In short, how it has changed my practice is that I ask about people’s cycle now as standard, whereas I’d not have done that before. I ask how much they know about the impact of their cycle on their mental health. I do a brief bit of psycho-education about the seasons. I try to highlight it as something very relevant rather than just something else that is happening in the background.  Since I’ve been asking women about their cycles, which has only really been since I started private practice, I’ve been amazed by answers like “every time I’ve been admitted to hospital it’s been just before I bleed”, “nobody has ever asked about my cycle before”. It is really powerful. 

And how has menstrual cycle awareness changed your relationship with yourself and your own cycle? 

I remember initially being a bit resistant to reading Period Power when you kept talking about it. I thought I was so self aware because I could predict my 28 day cycle and ovulation. I arrogantly thought there wasn’t much more this book could teach me about my cycle. I was wrong! Charting and finding the patterns in each of the seasons blew my mind. It was possible to pinpoint so many things (e.g. feeling weepy, assertive, angry, horny) down to the same days each month. Knowing this has enabled me to cut myself some slack and quiet my internal critic when I’m being overly harsh on myself. I’ve been able to slow down and rest in winter without guilt. I’ve learnt to use my frenetic autumnal energy for good. I’ve learnt to pause and bite my tongue in autumn where I may have previously launched hurtful attacks or reacted to things rather than responded. Importantly I have been able to recognise my needs at different phases and ask for these to be met. I’m proud to have taught my little boy about all of this so he has an awareness of what happens for girls and women. I also have a baseline to check into which helps towards knowing what I’m taking to my work with my clients.  As you know, I am more in tune with my autumn and winter than my summer and spring. And I'm still uncertain why I have resistance towards knowing those parts of my cycle as well.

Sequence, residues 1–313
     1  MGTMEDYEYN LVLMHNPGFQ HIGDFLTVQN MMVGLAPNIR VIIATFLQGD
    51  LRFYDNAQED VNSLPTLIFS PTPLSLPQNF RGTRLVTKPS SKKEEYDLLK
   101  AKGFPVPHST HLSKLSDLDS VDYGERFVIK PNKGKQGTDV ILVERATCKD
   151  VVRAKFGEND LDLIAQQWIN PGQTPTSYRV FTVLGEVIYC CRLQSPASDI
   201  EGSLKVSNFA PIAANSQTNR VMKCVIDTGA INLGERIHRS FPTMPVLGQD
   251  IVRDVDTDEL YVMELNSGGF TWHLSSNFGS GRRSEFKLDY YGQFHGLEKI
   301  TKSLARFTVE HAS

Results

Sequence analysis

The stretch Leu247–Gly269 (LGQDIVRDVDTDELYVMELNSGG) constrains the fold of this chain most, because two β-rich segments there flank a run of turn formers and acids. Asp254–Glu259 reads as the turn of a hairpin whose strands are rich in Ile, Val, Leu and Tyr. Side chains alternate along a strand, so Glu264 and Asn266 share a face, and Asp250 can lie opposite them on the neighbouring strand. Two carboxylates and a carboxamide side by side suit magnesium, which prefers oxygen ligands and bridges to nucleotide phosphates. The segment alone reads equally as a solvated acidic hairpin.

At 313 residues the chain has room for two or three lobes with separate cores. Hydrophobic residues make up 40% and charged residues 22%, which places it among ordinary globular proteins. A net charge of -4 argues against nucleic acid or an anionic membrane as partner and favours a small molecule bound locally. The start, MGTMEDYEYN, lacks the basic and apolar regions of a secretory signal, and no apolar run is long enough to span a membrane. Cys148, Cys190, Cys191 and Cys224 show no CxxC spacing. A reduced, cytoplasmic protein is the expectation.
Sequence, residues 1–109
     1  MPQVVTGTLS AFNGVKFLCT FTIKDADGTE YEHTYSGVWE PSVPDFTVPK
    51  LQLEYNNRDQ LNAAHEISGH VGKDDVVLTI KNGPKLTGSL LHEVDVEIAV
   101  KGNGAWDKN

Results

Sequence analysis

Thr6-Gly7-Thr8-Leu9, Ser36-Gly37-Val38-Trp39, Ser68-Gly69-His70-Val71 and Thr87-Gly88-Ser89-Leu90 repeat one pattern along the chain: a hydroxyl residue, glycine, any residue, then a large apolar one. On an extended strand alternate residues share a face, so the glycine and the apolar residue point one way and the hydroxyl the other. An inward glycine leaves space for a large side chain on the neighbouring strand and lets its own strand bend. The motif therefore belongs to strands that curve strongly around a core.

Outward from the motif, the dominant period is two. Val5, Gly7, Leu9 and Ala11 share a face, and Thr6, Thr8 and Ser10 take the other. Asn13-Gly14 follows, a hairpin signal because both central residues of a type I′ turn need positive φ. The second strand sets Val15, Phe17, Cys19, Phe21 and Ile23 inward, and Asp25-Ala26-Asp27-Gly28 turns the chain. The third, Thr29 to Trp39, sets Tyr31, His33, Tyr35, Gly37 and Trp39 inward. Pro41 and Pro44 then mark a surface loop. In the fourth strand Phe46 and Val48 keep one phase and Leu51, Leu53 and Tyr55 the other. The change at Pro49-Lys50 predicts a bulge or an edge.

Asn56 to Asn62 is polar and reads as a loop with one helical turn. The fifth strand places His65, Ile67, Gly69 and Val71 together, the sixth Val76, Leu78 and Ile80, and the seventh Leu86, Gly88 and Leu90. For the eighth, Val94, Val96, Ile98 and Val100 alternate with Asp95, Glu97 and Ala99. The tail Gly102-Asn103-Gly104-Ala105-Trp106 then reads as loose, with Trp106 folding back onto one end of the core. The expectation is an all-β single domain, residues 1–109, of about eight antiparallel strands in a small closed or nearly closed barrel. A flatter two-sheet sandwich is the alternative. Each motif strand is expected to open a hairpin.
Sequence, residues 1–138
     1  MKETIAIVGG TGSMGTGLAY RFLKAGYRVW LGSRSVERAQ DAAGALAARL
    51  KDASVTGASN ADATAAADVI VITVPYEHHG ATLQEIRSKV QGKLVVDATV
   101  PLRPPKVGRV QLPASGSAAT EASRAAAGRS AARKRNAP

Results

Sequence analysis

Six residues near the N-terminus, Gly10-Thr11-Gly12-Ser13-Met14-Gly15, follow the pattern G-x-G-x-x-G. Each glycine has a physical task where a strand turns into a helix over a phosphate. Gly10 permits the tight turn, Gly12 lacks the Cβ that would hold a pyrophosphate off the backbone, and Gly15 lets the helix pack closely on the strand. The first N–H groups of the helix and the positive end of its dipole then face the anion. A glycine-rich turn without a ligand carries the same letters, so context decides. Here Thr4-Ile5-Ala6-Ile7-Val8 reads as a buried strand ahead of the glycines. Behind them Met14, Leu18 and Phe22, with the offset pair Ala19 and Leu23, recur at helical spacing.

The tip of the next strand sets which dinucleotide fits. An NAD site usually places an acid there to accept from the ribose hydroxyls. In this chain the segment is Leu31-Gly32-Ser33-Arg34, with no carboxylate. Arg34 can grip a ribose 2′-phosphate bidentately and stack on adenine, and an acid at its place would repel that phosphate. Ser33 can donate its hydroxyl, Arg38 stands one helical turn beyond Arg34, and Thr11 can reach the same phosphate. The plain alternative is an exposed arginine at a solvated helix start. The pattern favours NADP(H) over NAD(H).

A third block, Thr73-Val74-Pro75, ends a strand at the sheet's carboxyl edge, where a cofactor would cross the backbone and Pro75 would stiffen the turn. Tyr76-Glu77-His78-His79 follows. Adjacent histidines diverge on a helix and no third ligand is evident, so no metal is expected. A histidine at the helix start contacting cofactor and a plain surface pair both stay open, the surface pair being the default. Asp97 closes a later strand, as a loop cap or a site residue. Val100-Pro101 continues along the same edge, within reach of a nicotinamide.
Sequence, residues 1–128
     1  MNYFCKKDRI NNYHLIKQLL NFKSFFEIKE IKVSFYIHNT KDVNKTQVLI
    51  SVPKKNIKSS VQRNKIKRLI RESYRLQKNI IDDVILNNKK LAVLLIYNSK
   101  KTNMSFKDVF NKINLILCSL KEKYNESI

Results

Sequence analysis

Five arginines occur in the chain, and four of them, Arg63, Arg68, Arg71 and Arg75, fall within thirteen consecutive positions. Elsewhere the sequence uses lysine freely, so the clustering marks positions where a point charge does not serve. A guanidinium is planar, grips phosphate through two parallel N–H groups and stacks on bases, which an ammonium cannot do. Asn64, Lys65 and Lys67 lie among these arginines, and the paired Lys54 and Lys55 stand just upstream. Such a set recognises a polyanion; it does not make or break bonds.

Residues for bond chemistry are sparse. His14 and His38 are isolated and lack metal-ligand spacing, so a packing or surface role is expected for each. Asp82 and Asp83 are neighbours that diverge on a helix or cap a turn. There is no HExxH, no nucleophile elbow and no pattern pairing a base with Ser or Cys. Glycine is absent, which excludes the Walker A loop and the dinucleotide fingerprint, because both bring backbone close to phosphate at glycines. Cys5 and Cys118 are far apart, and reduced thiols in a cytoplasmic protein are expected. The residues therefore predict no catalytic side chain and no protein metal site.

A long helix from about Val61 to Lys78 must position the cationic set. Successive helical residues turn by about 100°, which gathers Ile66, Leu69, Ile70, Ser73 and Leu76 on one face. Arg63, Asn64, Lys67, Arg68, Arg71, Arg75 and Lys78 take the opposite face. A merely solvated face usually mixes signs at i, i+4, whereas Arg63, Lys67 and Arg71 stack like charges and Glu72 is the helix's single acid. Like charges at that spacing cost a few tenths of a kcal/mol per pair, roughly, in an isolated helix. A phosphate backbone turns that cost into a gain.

In your work with many menstruating clients, how do you think stress and trauma impact the menstrual cycle?